Location: Foot of the Rockies
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Originally Posted by knowledgeiskey View Post
You sure they are not only on the outskirts of the burbs? I don't think they are integrated in suburbs as you would like to think.
The Chicago Metra and the DC Metro are very integrated.
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Old 10-24-2011, 11:45 PM
 
Location: Thunder Bay, ON
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Quote:
Originally Posted by wburg View Post
No, streetcars were pretty much anathema to suburban developers of the mid-20th century. They were an integral part of early 20th century suburbs, but in the post-WWII era, streetcars were strictly old-hat. Streetcars were so loathed that it wasn't until the 1970s and 80s that some cities started to reintroduce them, and they had to rename them "Light Rail Vehicles" lest they be accused of trying to bring back those antiquated streetcars.

Plenty of suburbs have rail access via streetcar, light rail or heavy rail. Often these are the same suburbs that had rail access via streetcar, interurban or steam railroads in the early 20th century. But it's very hard to retrofit fixed-rail transit onto mid/late 20th century auto suburbs due to dramatic differences in density, street design and neighborhood planning.
Not even commuter rail? Toronto's commuter rail network is a thing of the post-WWII era at least. The rail lines mostly existed pre-WWII but weren't used as commuter rail back then.
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Old 10-24-2011, 11:48 PM
Status: "Happy New Year!" (set 23 days ago)
 
Location: Foot of the Rockies
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Originally Posted by memph View Post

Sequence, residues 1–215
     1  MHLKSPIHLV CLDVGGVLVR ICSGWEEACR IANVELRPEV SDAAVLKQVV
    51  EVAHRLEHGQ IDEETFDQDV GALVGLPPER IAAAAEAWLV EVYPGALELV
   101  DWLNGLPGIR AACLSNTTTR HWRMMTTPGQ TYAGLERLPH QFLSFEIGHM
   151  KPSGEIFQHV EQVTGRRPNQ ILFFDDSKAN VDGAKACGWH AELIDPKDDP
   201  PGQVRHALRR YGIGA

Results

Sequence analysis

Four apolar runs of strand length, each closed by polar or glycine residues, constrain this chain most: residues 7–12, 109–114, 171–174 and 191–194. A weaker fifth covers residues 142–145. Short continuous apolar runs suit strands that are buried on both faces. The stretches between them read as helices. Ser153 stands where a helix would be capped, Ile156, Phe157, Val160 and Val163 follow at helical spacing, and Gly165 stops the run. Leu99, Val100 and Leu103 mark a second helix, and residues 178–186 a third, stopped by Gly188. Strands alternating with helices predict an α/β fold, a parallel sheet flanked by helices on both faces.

Not even commuter rail? Toronto's commuter rail network is a thing of the post-WWII era at least. The rail lines mostly existed pre-WWII but weren't used as commuter rail back then.
Chicago has had rail transit to the burbs continuously for many years. I can remember going to pick up my father-in-law at the train in a Chicago 'burb in 1971.

The "El" has also served the burbs for decades.
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Old 10-25-2011, 12:41 AM
 
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Originally Posted by memph View Post
Not even commuter rail? Toronto's commuter rail network is a thing of the post-WWII era at least. The rail lines mostly existed pre-WWII but weren't used as commuter rail back then.
Not really, no: there were a few exceptions, but generally they were in cities that already had interurban or commuter rail service (BART in the Bay Area ran largely where Sacramento Northern, Key System and Southern Pacific interurbans already ran, sometimes even using the same right-of-way.)

Canadian urban development is very different from American urban development. Despite our cultural similarities, it's a very different ballgame down here.